Turning a Guitar Into An Acrylic Pour

Art is everywhere and it depends mostly on your creativity. In this week’s episode of the Fluid Arts Podcast, you’re going to meet Pamela Kirkwood, an artist that has explored one of many acrylic pouring ideas by transforming her second hand guitar into something completely different.

Given to her as a gift from her father, Pamela’s idea not only became a reality but we consider this wonderful work of art “an experiment gone right!” After today’s episode you will know more about who she is and how to replicate this process if tempted to take on the challenge.

Meeting Pamela Kirkwood

acrylic pour ideas Pamela Kirkwood

Pamela is a British artist who lives in Hastings England, a small city right on the south coast on the beach. She has been painting for about two years, and before that, drawing was one of her main hobbies.

During today’s discussion, Pamela mentions other creative fluid art projects that she has tried as well as the main component they all share. She believes this fluid art style encourages her and other artists to let go of the creative pressure that can easily come with many other painting techniques. They’re so many nice acrylic pour ideas out there and that’s why there she encourages listeners to try out some of these different surfaces (including a guitar if you can find one!)

The Inspiration Behind Her Work of Art

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The inspiration behind Pamela’s guitar was the nearby beach where she lives. She mentioned, “I was living near the ocean and I just love blues. The gold is like the sand”.

Acrylic Pour Ideas: The Guitar Creation Process

acrylic pour ideas process

According to Pamela, the entire creation process of the guitar took around 15 hours.

Here are some of the steps:

  • 1) Remove the strings from the guitar.
  • 2) Use painter’s and masking tape to protect areas that will not be painted.
  • 3) Sand varnish off the guitar, then prime it using a wood primer.
  • 4) Mix paint with floetrol and silicone oil to get really nice cells. Make sure you measure these properly for the right consistency.

Do not forget to use tapes and plastic bags to protect the parts of the guitar that will not be painted. After that, follow the steps below:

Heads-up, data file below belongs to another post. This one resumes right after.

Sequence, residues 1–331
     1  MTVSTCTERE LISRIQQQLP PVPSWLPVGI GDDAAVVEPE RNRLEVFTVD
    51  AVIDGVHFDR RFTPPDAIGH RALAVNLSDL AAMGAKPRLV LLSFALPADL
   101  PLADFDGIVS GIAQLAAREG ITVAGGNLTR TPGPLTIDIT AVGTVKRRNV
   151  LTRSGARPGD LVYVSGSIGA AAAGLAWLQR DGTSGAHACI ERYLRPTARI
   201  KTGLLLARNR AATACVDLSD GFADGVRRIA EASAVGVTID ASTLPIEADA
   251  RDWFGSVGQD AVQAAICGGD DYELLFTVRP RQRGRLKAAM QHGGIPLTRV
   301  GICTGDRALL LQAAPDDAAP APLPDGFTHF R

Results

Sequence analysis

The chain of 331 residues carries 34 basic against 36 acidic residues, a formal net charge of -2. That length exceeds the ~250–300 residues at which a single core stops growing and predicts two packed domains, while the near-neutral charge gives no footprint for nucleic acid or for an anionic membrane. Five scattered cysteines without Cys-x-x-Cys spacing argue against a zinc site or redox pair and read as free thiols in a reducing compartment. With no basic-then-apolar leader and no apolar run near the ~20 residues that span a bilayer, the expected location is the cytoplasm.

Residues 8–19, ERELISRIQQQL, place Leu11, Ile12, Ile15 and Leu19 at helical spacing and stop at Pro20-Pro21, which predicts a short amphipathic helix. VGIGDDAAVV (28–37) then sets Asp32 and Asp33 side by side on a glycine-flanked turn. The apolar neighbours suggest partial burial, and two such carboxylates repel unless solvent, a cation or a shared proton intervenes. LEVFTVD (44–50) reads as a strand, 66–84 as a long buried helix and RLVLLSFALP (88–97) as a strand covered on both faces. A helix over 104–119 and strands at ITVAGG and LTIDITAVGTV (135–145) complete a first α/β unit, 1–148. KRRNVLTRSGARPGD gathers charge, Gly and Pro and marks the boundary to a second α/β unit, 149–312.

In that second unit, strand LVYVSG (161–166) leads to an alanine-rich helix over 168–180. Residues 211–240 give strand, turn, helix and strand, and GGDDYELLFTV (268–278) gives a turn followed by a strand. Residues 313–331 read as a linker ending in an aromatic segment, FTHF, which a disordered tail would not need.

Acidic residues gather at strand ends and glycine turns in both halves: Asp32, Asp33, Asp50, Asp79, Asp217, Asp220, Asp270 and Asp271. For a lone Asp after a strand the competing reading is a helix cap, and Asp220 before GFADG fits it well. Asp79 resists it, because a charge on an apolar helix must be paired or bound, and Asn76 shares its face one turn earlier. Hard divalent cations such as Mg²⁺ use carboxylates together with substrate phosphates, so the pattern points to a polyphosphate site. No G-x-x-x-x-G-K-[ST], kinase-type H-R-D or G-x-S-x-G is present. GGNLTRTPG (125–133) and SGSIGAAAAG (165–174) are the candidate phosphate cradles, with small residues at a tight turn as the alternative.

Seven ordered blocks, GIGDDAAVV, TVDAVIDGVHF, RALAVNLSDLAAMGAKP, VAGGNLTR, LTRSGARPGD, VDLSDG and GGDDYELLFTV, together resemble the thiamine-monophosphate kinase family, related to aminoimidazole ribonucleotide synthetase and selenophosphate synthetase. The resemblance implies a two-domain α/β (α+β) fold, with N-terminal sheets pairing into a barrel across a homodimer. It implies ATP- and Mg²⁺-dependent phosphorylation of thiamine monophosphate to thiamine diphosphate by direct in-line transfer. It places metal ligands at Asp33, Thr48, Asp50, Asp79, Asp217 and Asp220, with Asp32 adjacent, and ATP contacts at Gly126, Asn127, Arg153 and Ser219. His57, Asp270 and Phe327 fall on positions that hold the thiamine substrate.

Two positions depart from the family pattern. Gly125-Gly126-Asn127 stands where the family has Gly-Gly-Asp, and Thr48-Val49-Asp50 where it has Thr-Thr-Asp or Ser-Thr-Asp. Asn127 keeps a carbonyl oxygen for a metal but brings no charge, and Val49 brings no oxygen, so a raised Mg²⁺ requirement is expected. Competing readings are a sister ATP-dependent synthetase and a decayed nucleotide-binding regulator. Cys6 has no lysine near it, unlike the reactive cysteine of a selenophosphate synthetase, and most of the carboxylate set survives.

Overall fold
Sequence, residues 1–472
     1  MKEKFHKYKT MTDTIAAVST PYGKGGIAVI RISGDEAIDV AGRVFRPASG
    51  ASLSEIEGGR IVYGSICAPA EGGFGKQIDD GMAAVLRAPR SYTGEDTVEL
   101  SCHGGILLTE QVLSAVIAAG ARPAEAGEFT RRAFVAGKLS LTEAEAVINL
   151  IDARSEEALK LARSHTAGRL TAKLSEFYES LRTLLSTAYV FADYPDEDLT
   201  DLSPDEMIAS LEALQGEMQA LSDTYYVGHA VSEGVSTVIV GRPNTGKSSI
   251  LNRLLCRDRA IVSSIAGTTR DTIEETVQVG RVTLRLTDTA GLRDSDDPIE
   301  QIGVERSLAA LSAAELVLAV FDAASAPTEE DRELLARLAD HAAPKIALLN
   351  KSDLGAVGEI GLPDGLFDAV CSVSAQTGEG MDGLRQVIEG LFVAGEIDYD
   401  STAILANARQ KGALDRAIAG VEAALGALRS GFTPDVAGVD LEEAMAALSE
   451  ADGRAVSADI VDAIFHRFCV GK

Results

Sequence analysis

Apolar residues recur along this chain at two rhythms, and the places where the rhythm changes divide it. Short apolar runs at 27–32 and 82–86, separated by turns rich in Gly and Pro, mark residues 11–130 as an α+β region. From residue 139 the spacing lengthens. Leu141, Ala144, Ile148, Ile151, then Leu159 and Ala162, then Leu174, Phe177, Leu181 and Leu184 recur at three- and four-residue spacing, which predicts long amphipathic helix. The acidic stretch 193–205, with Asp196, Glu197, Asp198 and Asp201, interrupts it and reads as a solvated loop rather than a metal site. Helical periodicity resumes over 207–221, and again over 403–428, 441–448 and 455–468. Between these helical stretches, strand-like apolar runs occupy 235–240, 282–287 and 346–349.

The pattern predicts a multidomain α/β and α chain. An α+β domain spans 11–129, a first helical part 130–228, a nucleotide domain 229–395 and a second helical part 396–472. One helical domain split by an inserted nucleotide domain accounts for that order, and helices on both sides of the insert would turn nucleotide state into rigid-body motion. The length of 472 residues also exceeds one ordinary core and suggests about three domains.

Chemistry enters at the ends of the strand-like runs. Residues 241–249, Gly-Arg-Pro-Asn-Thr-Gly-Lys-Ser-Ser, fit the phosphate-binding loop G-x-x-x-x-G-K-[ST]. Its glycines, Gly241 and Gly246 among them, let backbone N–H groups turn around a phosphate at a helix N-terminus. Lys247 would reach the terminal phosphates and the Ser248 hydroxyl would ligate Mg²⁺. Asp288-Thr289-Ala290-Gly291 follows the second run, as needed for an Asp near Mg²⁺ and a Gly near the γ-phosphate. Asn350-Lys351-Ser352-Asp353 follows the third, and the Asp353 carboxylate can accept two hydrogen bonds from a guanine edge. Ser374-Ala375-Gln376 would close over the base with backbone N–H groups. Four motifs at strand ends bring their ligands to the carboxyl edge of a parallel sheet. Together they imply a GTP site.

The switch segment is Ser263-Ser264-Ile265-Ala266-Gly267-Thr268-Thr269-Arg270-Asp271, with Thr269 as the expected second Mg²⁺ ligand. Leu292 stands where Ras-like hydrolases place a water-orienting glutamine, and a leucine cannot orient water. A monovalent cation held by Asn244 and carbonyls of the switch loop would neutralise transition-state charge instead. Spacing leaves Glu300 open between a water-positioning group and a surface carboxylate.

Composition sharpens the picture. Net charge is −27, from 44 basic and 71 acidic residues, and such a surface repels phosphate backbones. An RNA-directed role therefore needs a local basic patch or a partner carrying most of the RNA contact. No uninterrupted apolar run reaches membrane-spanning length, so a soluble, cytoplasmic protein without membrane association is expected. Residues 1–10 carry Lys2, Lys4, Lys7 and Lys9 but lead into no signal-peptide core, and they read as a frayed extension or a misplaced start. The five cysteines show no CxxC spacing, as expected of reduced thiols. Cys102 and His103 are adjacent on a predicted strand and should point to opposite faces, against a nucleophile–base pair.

• 5) Place the guitar on a level surface to prevent paint and resin from dripping off the sides.
  • 6) Add your paint to the guitar. Tilt as desired until satisfied with the results.
  • 7) Pour the resin. After about 20 minutes, go over it very quickly with a heat gun to remove bubbles.
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Materials Used

Pamela used the following materials in her guitar:

    • A level
    • Painters tape
    • Masking Tape
    • Paint
    • Resin

Tips for Beginners

“The best tip for people who try acrylic pouring ideas (like this one) for the first time is to take your time. It’s important not to rush, wait until you’ve got a bit of time to sit and create, and when you do things calmly the result is more likely to turn out better.

If you have any doubts and want to know more about Pamela’s work, check out her Instagram page “quantum moods” where you can find many of her process videos. Her Facebook page is under the same name and feel free to message her if you are in England to see her work in a local shop in Hastings.

This post is a fraction of the latest installment of the fluid arts podcast. Our podcast is available on YouTube as well as iTunes. Don’t forget to view it and share it with your artist friends. Also, if you haven’t already, don’t forget to join our Facebook community.

Thanks, and we look forward to sharing our next episode!

7 thoughts on “Turning a Guitar Into An Acrylic Pour”

  1. Carol McCollum

    What a blah blah blah waste of time. Kept waiting for important tips on how to do a guitar. It was just 26mins of awkward, annoying chatter. The painter would have done better on her own here.

    1. Pamela Kirkwood

      Hi Carol, sorry you found my interview awkward and annoying. I was very nervous and hadn’t done one before. I was simply answering questions I was asked. I work full time doing care work and try to fit in art to relax. I hoped that sharing my art would inspire others, not annoy them. The next time I do a video I will go through step by step on what I did and let you know when it is up.

    2. Wow.. That was rude as rude can get. Someone tajes time out of their day to share their art to inspire and your reply is blah blah blah. You should think before you go round and.be ignorant. I’m not impressed. Just thought I’d share that with you.

  2. What a cool idea! And the blues came out really well. Kudos for thinking of this and executing it so marvelously. I wonder if the sound is different, maybe a bit muted.

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